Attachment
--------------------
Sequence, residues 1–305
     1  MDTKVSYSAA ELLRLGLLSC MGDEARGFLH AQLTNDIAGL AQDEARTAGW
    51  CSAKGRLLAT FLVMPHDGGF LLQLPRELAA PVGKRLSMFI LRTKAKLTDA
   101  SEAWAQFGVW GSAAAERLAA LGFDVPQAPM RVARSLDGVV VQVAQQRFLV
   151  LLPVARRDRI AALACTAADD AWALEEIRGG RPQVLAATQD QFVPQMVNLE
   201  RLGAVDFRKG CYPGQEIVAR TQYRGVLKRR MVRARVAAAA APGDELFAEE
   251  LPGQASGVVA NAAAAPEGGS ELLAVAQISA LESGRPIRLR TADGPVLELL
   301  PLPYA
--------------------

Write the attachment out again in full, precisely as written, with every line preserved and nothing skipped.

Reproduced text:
Sequence, residues 1–305
     1  MDTKVSYSAA ELLRLGLLSC MGDEARGFLH AQLTNDIAGL AQDEARTAGW
    51  CSAKGRLLAT FLVMPHDGGF LLQLPRELAA PVGKRLSMFI LRTKAKLTDA
   101  SEAWAQFGVW GSAAAERLAA LGFDVPQAPM RVARSLDGVV VQVAQQRFLV
   151  LLPVARRDRI AALACTAADD AWALEEIRGG RPQVLAATQD QFVPQMVNLE
   201  RLGAVDFRKG CYPGQEIVAR TQYRGVLKRR MVRARVAAAA APGDELFAEE
   251  LPGQASGVVA NAAAAPEGGS ELLAVAQISA LESGRPIRLR TADGPVLELL
   301  PLPYA